For many community college students, gateway math courses—required for entry into many programs of study—have functioned more like gatekeeper math courses. These classes, such as Introductory Algebra, Statistics, and Trigonometry, have some of the highest rates of failure among all offerings at two-year schools and are considered one of the biggest barriers to an associate degree and to upward transfer, particularly for Black and Latinx students.
“Students have a lot of trauma around math,” said Dr. Laura Schueller, strategy director for Complete College America. “Students come in with a lot of experiences where they feel like math has been used as a proxy for ‘smart,’ so they bring a lot of baggage into those classes.”
Research on gateway math as a barrier has mostly focused on students—their demographic backgrounds, socioeconomic statuses, and high school grades. But a new study is shining a light on an area that has been largely neglected: the instructors.
To study the elements causing success—or failure—in gateway math courses, a team of researchers at Education Equity Solutions (EES), an organization focused on higher ed policy reform, examined records for over 22,000 students at four California community colleges. The colleges were in different regions and settings, ranged in size from small to large, and had racially diverse student bodies. Using this data, the researchers performed calculations to find out which factors were responsible for differences in student performance.
What they found was striking. Math instructors were the factor most responsible for variance in student outcomes by far. Thirty-four percent of the observed difference was attributable to teachers, more than twice as much as the amount explained by a student’s previous academic preparation (14%). A student’s high school (11%), personal demographics (7%), and the attributes of the course itself (1%) played smaller roles still.
According to Dr. Mina Dadgar, founder and executive director of EES and lead author of the study, what’s making the difference isn’t whether the professor is a strong teacher, at least as skill has been traditionally measured. And an instructor’s age and gender don’t seem to make a difference. (There were too few Black and Latinx teachers to study the impact of race, although research has shown that instructors of color can improve the performance of minoritized students.) Rather, the impact seems to come from a professor’s attitude towards making his or her students comfortable.
“The way instructors anticipate and address power dynamics, the way they provide messages of support to students and encourage help-seeking, the way they communicate that everyone, regardless of background, can succeed, all these things matter, especially for Black students, especially for Latin[x] students,” said Dadgar.
Dr. Roberto Rubalcaba, an associate professor at San Diego City College who teaches gateway math courses, was unsurprised by the findings.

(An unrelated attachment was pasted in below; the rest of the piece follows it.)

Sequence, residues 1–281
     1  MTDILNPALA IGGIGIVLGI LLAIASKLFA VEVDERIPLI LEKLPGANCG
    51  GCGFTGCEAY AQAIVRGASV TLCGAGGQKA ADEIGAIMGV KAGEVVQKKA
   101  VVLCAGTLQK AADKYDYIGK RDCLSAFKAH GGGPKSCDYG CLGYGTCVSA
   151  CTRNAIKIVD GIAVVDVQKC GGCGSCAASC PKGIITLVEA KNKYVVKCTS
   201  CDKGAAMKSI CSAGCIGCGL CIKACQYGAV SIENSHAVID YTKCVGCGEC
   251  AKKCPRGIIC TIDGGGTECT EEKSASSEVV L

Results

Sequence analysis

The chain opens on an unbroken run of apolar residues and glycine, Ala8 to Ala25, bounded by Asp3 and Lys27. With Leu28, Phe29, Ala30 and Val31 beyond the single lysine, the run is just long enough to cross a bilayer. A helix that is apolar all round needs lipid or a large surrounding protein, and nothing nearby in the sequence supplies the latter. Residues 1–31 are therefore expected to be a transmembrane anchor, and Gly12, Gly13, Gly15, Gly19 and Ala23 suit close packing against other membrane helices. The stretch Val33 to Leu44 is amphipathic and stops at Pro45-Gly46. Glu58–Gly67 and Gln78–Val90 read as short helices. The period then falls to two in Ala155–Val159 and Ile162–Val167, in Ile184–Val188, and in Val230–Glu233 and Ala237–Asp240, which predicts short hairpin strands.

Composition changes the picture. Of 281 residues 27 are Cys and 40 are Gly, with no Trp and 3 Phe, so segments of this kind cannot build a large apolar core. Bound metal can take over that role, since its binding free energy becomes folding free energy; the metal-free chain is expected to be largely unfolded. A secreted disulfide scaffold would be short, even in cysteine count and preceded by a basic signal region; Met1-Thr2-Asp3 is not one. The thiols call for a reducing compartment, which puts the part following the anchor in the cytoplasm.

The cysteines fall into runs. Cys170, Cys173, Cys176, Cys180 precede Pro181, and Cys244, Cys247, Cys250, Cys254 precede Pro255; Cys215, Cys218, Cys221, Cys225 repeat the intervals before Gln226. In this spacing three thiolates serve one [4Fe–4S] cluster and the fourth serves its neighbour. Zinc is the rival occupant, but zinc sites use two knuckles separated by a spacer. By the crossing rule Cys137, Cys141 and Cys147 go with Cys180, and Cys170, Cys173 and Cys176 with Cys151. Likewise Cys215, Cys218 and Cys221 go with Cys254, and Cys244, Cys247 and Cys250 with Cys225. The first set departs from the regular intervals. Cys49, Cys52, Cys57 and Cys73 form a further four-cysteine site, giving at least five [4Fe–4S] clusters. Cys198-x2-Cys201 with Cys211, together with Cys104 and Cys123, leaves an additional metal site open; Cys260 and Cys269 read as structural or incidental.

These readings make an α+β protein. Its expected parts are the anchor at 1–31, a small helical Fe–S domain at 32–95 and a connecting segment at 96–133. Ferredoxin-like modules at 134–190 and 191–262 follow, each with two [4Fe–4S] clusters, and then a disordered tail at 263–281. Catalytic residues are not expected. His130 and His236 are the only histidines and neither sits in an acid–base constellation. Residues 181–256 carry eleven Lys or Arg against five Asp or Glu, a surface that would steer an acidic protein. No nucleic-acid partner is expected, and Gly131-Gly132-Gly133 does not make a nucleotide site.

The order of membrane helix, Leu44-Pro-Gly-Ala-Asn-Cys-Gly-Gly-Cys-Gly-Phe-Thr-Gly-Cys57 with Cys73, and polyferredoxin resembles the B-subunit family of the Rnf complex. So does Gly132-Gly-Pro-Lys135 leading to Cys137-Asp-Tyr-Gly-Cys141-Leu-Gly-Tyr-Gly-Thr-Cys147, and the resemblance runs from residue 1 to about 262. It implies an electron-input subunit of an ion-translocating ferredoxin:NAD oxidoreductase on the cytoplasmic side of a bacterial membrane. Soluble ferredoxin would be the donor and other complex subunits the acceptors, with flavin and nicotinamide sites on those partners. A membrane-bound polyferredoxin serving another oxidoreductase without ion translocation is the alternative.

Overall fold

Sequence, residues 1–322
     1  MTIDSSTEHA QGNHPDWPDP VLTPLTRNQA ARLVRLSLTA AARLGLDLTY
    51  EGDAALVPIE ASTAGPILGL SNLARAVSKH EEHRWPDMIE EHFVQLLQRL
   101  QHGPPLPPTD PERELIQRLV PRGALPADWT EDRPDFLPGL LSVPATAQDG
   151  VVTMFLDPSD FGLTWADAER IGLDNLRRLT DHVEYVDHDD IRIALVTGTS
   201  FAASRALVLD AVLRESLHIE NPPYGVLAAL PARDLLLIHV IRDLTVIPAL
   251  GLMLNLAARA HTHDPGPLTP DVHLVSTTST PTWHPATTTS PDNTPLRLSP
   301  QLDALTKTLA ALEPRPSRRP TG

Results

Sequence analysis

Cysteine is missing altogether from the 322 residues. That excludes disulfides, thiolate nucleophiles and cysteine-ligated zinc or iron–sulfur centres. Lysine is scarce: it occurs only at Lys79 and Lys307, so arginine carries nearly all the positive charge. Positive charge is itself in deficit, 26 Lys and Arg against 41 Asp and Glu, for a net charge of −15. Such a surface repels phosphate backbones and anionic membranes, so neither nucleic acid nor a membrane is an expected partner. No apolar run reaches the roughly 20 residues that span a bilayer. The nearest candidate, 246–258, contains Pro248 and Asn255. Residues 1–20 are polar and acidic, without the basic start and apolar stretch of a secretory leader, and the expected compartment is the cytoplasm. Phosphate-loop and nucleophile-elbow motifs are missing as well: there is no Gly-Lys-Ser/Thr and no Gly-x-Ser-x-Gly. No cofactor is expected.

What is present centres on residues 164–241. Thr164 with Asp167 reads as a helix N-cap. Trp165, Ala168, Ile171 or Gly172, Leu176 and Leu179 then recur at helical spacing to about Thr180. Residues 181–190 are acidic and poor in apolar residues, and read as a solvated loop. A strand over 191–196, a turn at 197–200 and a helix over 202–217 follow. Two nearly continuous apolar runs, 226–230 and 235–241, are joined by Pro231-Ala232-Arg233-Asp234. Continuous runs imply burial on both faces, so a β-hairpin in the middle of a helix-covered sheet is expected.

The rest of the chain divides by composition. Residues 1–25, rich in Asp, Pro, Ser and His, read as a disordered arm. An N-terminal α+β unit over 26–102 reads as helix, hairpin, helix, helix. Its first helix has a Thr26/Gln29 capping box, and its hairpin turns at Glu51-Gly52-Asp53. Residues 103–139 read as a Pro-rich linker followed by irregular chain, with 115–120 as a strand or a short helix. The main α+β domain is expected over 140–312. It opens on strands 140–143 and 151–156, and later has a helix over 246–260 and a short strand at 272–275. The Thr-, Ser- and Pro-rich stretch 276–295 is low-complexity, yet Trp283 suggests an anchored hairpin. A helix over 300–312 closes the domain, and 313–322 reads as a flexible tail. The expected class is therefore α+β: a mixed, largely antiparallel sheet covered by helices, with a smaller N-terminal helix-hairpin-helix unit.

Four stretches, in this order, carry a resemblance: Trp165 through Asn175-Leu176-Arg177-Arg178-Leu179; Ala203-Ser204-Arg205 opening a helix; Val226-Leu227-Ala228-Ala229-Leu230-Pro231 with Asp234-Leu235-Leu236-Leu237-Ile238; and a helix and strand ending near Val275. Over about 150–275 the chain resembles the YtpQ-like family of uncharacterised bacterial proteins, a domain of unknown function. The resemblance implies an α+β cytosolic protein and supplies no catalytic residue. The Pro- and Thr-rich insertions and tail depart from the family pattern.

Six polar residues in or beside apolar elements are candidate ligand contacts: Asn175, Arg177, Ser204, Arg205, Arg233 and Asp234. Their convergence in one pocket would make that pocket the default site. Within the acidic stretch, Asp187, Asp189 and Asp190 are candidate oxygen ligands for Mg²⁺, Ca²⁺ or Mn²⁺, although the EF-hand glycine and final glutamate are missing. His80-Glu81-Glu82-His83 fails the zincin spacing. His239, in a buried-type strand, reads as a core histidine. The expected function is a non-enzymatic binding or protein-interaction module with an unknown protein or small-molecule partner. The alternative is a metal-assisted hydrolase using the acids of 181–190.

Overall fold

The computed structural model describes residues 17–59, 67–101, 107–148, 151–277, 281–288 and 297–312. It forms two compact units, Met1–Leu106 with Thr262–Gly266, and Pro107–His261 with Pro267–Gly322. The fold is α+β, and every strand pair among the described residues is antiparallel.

“The usual way that gateway math classes are taught is most often Euro-centric and most often sort of abusive,” he said. “You’re kind of hazed, to some extent, in your math classes.”
Rubalcaba said that many professors view gateway math courses as opportunities to weed out students who they believe aren’t ready for rigorous STEM programs. These instructors don’t go out of their way to support students.
“I’ve heard professors bragging, ‘Oh, I only had five students pass this class,’” said Rubalcaba. “It’s an environment where students have fear [and are] doubting themselves. That doesn’t work.”
He tries to avoid this in his own teaching.
“I think of myself as a glorified cheerleader,” said Rubalcaba. He tries to give his pupils the message that “this is going to be a real challenge, but I’m rooting for you the whole way on it.”
In support of his students, Rubalcaba holds extended office hours at times that are convenient for them. He incorporates student cultures and interests into his classroom as much as possible, whether it’s explaining probability using a pre-Columbian game or teaching trigonometry via hip-hop sampling.
However, instructors needn’t extend themselves as far as Rubalcaba does to help minoritized students. Through a faculty survey and a review of syllabi, Dadgar and her team found a number of practices that were particularly helpful to Black and Latinx students in gateway math courses. Particularly significant, said Dadgar, was encouraging students to ask for help.
“Part of it is saying ‘if you come and see me, I will work with you to succeed,’” said Dadgar. “[It tells students] you’re not alone. I am not some intimidating person that you should be really careful around. You should come and talk to me if you need help.”
The researchers also found meaningful improvements in student performance from faculty who fostered belonging by creating opportunities for students to connect and work together. They also found benefits from instructors who proactively addressed racial equity, for example by providing guidelines in syllabi about how to do group work in ways that value diverse backgrounds.
The study also suggests a policy shift: a move away from assessing, sorting, and tracking students and towards supporting faculty development. All faculty, the study argues, should have access to high-quality professional development and be compensated for time spent in trainings and offering mentorship.
Although wholesale change may be far off, the research gave Schueller, of Complete College, hope.
“When you have a study like this, that has some instructional practices that benefit students, particularly Black and Latinx students, it’s exciting,” she said. “There’s an opportunity to really change student success rates.”
Jon Edelman can be reached at [email protected]